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THE MYSTERY OF 31 NEW INN
BY R. AUSTIN FREEMAN
Author of "The Red Thumb Mark,"
"The Eye of Osiris," etc.
TO MY FRIEND
BERNARD E. BISHOP
Commenting upon one of my earlier novels, in respect of which I had
claimed to have been careful to adhere to common probabilities and to
have made use only of really practicable methods of investigation, a
critic remarked that this was of no consequence whatever, so long as the
story was amusing.
Few people, I imagine, will agree with him. To most readers, and
certainly to the kind of reader for whom an author is willing to take
trouble, complete realism in respect of incidents and methods is an
essential factor in maintaining the interest of a detective story. Hence
it may be worth while to mention that Thorndyke's method of producing
the track chart, described in Chapters II and III, has been actually
used in practice. It is a modification of one devised by me many years
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ago when I was crossing Ashanti to the city of Bontuku, the whereabouts
of which in the far interior was then only vaguely known. My
instructions were to fix the positions of all towns, villages, rivers
and mountains as accurately as possible; but finding ordinary methods of
surveying impracticable in the dense forest which covers the whole
region, I adopted this simple and apparently rude method, checking the
distances whenever possible by astronomical observation.
The resulting route-map was surprisingly accurate, as shown by the
agreement of the outward and homeward tracks, It was published by the
Royal Geographical Society, and incorporated in the map of this region
compiled by the Intelligence Branch of the War Office, and it formed the
basis of the map which accompanied my volume of Travels in Ashanti and
Jaman. So that Thorndyke's plan must be taken as quite a practicable
New Inn, the background of this story, and one of the last surviving
inns of Chancery, has recently passed away after upwards of four
centuries of newness. Even now, however, a few of the old, dismantled
houses (including perhaps, the mysterious 31) may be seen from the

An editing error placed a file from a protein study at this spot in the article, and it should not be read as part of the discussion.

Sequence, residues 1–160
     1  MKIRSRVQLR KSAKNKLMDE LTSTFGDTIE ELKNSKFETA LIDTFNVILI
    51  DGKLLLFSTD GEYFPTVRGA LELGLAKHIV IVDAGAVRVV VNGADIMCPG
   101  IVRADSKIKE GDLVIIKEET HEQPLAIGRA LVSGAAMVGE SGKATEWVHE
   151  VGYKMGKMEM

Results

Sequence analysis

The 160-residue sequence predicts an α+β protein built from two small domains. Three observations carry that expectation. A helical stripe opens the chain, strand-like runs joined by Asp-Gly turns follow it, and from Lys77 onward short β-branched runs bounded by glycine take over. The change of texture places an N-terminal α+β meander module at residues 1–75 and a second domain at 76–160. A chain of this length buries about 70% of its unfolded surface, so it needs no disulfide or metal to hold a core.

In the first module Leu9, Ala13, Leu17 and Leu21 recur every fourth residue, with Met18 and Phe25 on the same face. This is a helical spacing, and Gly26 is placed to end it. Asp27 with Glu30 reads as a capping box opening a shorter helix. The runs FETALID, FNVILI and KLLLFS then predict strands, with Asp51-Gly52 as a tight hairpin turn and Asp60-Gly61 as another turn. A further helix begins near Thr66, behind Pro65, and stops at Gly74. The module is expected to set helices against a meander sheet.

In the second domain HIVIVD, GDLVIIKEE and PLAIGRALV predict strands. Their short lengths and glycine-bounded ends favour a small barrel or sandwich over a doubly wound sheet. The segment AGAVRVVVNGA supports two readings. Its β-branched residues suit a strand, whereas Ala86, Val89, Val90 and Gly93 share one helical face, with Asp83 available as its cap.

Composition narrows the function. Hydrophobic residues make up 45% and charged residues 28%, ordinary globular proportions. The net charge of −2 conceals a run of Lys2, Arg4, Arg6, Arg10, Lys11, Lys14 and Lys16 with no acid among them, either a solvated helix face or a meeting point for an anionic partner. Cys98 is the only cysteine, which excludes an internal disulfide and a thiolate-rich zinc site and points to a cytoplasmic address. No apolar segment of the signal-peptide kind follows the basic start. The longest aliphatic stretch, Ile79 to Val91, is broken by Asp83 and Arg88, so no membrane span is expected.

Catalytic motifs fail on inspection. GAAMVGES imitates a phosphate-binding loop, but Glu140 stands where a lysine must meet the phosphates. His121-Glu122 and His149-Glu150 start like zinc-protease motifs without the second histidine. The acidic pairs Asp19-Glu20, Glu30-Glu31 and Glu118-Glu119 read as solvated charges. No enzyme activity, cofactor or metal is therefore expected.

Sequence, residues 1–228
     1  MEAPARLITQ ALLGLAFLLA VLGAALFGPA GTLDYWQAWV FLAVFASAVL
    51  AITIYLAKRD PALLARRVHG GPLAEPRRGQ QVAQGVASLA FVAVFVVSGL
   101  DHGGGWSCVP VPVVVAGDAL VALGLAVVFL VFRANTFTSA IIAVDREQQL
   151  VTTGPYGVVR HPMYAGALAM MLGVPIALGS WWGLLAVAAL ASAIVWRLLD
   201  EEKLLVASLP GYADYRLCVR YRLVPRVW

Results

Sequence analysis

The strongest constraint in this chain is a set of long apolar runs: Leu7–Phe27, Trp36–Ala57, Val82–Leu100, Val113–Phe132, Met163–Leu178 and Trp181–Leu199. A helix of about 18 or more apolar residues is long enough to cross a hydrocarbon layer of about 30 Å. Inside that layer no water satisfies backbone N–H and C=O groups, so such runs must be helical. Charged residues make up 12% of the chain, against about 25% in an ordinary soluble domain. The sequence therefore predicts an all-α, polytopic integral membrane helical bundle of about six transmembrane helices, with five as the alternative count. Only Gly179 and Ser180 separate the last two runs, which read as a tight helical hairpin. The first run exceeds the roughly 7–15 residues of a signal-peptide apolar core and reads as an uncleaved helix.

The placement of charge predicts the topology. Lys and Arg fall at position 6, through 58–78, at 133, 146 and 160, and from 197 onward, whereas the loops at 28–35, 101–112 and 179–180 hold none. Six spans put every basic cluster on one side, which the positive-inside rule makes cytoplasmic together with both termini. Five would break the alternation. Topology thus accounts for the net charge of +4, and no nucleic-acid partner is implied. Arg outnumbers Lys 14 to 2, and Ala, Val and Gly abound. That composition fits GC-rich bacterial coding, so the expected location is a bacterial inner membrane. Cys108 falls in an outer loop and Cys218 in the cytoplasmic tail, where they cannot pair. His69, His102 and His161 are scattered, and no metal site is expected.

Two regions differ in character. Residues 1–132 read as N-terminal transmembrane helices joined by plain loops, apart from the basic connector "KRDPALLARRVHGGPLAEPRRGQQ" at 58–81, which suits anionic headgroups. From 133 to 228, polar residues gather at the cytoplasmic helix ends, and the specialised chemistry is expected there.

Strand peeping over the iron roof of the skating rink which has
displaced the picturesque hall, the pension-room and the garden. The
postern gate, too, in Houghton Street still remains, though the arch is
bricked up inside. Passing it lately, I made the rough sketch which
appears on next page, and which shows all that is left of this pleasant
old London backwater.
R. A. F.
[Illustration: New Inn]
I THE MYSTERIOUS PATIENT
II THORNDYKE DEVISES A SCHEME
III "A CHIEL'S AMANG YE TAKIN' NOTES"
IV THE OFFICIAL VIEW
V JEFFREY BLACKMORE'S WILL
VI JEFFREY BLACKMORE, DECEASED
VII THE CUNEIFORM INSCRIPTION
VIII THE TRACK CHART
IX THE HOUSE OF MYSTERY
X THE HUNTER HUNTED
XI THE BLACKMORE CASE REVIEWED
XII THE PORTRAIT
XIII THE STATEMENT OF SAMUEL WILKINS
XIV THORNDYKE LAYS THE MINE
XV THORNDYKE EXPLODES THE MINE
XVI AN EXPOSITION AND A TRAGEDY
The Mysterious Patient
As I look back through the years of my association with John Thorndyke,
I am able to recall a wealth of adventures and strange experiences such
as falls to the lot of very few men who pass their lives within hearing
of Big Ben. Many of these experiences I have already placed on record;
but it now occurs to me that I have hitherto left unrecorded one that
is, perhaps, the most astonishing and incredible of the whole series; an
adventure, too, that has for me the added interest that it inaugurated
my permanent association with my learned and talented friend, and marked
the close of a rather unhappy and unprosperous period of my life.
Memory, retracing the journey through the passing years to the
starting-point of those strange events, lands me in a shabby little
ground-floor room in a house near the Walworth end of Lower Kennington
Lane. A couple of framed diplomas on the wall, a card of Snellen's
test-types and a stethoscope lying on the writing-table, proclaim it a